Casella then told Kastenbaum in detail how he had tried without success to obtain bus transportation from Gray Line, American Sightseeing, Red Top, Greyhound, Trailways, and Metro; that he had arranged then with A-1 Bus Company to furnish him with transportation by bus; that shortly after A-1 Bus Company began to furnish him with buses a Miami Beach police sergeant stopped that, because A-1 did not have a permit to operate in Miami Beach; that he then went to Norman and the latter agreed to furnish him with cabs, which he did for a few days, but that Norman then found out that his contract with Elegante Tours prevented him from furnishing cabs to Casella, and he told Casella that he could no longer furnish him with cabs.
Kastenbaum then said:
"Look. You are new here. You are fighting a giant, which is Greyhound. You are fighting this giant. You are fighting the Segal brothers who have donated money to every political campaign. They have thrown cocktail parties and they have helped in the campaigns of political figures not only in Miami Beach but in the country and in the state. They are very powerful people, I know, because I've been fighting them for nine years.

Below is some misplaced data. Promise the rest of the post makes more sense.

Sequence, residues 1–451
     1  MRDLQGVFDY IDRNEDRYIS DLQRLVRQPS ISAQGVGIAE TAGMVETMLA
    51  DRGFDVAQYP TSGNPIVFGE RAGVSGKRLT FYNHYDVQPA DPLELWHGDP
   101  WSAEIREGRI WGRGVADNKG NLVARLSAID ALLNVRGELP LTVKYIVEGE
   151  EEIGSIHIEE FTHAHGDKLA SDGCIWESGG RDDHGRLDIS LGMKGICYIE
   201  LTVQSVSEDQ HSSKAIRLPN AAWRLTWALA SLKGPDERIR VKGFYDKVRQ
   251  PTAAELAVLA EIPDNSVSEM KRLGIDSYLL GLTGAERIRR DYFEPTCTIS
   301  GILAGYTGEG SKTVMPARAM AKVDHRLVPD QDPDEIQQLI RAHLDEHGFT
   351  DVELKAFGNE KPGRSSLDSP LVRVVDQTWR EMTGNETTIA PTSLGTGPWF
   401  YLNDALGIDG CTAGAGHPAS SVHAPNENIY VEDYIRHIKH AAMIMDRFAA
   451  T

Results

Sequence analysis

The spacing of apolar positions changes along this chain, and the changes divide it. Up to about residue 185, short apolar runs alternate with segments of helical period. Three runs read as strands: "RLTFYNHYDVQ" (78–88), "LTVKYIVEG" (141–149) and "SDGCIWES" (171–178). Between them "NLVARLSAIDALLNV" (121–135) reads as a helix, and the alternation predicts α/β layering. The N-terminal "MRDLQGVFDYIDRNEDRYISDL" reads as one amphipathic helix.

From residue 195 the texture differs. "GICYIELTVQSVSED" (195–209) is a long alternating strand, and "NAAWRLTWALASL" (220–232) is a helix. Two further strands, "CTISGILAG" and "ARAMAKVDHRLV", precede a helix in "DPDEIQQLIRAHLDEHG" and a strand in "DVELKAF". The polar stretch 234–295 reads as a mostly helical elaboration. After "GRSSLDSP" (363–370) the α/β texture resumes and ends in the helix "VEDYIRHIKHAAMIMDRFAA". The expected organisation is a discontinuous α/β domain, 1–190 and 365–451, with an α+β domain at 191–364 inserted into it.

"And, second of all, I want you to know I'm on the other side, too. I am transportation attorney for the cabs in this town, and we are fighting against having buses on the streets. We don't want buses here. And you are asking me to go both ends. You just don't do it."
Casella replied, "Mr. Kastenbaum, I've got to do something. Can you help me in any way? I'm desperate. I need help."
Kastenbaum then said:
"The political structure, * * * the way it is here, * * * you can't do it. You just can't walk in because you are new people. They don't know you and you don't know them. You have to have a good attorney with a good fee. You can't go to a councilman and offer him $100. You have to give him at least $1,000 or $1,500, and even then you can't be sure, because you never know what these men are going to do."